• Genetics — Heritability has an impact on approximately 60 percent of alcohol-addicted persons. 
  • Mental health conditions A wide range of psychiatric conditions (including depression, post-traumatic stress disorder, and bipolar disorder) are comorbid with AUD and are associated with an increased risk of AUD. People with a history of childhood trauma are also more vulnerable to AUD.
  • Family history of alcoholism — People who have a family history of alcoholism or grew up around an alcoholic family member are more likely to develop alcoholism later in life.6

Is Binge Drinking Considered Heavy Alcohol Use? 

Binge drinking is a type of alcohol consumption in which a person's blood alcohol concentration (BAC) exceeds 0.08 percent. For men, this means drinking more than 5 drinks in two hours. For women, this means drinking more than 4 drinks in two hours.

Not everyone who binges drinks has an AUD, but they are at higher risk for developing one.

Symptoms of Alcohol Use Disorder (AUD)

In the United States, 18 million adults have an alcohol use disorder (AUD). 

You may have an AUD if you have experienced two or more of the following in the past year:

  • Drinking more or for longer than planned
  • Being unable to cut back on the amount you drink or stop drinking altogether when you were trying to do so
  • Spending excessive time drinking or recovering from drinking
  • Feeling a strong need to drink
  • Drinking or being sick from drinking that interfered with life or responsibilities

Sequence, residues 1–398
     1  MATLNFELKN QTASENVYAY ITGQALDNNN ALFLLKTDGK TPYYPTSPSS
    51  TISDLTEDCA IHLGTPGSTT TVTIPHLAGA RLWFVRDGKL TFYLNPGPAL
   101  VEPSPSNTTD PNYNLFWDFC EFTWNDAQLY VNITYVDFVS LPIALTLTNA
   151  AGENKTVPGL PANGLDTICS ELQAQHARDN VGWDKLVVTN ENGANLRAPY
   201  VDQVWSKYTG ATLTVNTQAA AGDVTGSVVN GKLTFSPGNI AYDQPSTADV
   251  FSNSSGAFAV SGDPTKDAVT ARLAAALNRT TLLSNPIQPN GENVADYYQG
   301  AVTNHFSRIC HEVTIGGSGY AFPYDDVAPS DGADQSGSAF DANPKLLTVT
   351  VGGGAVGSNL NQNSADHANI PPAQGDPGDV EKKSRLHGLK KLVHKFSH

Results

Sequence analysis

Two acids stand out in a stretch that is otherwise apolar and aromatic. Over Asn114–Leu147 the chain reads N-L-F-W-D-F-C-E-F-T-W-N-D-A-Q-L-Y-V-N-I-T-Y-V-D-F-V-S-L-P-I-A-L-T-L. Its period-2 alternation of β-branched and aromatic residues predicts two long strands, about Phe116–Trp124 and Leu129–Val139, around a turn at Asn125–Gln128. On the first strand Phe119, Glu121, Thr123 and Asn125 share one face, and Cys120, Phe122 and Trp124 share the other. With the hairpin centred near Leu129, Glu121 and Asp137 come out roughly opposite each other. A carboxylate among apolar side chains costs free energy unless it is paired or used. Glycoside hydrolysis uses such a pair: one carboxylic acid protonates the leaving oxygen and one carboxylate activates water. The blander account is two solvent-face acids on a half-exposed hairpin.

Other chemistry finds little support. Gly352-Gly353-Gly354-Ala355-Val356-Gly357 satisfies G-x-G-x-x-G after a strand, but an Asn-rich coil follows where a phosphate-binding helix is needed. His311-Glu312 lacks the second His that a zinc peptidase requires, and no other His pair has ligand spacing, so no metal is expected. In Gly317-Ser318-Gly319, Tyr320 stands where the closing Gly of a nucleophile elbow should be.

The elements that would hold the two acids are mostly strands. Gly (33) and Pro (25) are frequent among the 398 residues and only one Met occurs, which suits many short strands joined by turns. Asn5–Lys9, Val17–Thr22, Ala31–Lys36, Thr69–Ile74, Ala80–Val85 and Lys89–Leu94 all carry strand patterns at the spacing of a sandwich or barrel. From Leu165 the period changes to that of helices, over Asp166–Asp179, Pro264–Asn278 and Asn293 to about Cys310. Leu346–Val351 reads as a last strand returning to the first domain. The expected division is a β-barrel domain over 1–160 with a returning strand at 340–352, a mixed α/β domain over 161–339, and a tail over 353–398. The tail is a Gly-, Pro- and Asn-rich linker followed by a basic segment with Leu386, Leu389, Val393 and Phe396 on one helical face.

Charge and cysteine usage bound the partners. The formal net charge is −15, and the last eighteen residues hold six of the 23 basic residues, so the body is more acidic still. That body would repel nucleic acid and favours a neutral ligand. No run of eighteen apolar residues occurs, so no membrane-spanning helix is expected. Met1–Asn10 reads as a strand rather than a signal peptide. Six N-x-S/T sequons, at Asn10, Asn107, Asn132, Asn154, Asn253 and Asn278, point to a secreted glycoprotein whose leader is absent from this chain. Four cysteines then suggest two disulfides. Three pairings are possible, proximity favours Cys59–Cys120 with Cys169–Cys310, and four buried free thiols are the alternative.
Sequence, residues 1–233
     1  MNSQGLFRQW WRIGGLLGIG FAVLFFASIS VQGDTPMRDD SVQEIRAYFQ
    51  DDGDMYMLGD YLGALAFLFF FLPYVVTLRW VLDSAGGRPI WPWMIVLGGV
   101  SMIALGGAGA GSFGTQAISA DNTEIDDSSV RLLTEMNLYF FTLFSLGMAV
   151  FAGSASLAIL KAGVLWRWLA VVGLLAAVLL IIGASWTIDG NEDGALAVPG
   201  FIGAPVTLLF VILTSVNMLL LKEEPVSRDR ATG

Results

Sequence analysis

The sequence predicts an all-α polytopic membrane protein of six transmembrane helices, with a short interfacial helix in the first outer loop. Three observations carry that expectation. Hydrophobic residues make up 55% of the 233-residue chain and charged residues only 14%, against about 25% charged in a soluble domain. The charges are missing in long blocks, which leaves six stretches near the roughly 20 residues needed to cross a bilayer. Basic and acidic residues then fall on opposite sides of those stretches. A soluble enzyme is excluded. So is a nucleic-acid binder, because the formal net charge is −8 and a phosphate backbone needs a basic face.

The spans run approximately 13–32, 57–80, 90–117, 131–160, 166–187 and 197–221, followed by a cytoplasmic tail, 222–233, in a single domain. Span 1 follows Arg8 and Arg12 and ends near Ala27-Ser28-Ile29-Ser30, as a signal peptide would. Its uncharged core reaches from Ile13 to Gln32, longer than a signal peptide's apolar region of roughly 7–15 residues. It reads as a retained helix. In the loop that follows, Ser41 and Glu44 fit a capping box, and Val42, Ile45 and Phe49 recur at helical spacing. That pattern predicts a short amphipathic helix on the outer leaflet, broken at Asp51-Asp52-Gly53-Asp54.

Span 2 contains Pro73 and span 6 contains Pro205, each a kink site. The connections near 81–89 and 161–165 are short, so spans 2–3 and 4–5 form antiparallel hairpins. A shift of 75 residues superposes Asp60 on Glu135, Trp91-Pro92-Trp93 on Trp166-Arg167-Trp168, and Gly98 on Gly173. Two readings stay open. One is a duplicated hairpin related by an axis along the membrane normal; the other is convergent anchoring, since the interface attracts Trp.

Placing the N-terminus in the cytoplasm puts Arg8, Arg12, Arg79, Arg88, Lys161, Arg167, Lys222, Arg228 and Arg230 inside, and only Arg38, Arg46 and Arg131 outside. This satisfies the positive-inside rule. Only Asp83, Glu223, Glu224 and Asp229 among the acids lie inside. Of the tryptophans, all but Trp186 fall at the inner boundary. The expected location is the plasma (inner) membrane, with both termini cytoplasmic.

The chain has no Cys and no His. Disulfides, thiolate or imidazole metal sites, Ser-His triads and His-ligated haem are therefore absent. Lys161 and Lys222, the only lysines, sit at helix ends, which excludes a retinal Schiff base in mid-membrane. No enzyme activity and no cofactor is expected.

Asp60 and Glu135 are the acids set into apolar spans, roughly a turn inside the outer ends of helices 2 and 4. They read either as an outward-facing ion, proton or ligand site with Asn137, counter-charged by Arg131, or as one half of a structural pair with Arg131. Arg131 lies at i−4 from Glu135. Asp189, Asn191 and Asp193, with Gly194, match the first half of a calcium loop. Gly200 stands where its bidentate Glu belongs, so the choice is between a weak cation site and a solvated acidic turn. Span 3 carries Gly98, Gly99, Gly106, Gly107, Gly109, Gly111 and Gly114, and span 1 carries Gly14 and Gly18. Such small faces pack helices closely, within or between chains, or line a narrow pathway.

• Drinking despite it causing relationship problems
  • Giving up or cutting back on activities in favor of drinking
  • Getting into dangerous situations while or after drinking 
  • Drinking even though it caused health problems
  • Developing a tolerance to alcohol's effects
  • Experiencing withdrawal symptoms 7

Treatment Options for Alcohol Misuse & Addiction

Alcohol addiction can lead to several devastating consequences. Nearly 90,000 people die each year due to alcohol-related causes. Alcohol is the third leading preventable cause of death in the U.S.

People who are physically dependent on alcohol will need the support of a healthcare professional to stop drinking.

Treatment options for alcohol misuse and addiction include inpatient care, outpatient care, or detox programs. The right treatment option depends on each person's background and individual needs.

If you are struggling with alcohol use and addiction, see your health care provider for an evaluation. Your doctor can provide medical advice, make a treatment plan, and refer you to addiction treatment facilities.

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Updated on April 6, 2022
7 sources cited
  1. "What is Addiction?" Psychiatry.org
  2. "Alcohol Dependence, Withdrawal, and Relapse" U.S. National Library of Medicine
  3. "Alcohol and the Brain" National Institute on Alcohol Abuse and Alcoholism
  4. "Alcohol Facts and Statistics" National Institute on Alcohol Abuse and Alcoholism
  5. New research lifts lid on peer pressure culture around alcohol” Drinkaware
  6. ”Alcohol's damaging effects on the brain” National Institute on Alcohol Abuse and Alcoholism
  7. "Alcohol Use Disorder (AUD)" U.S. National Library of Medicine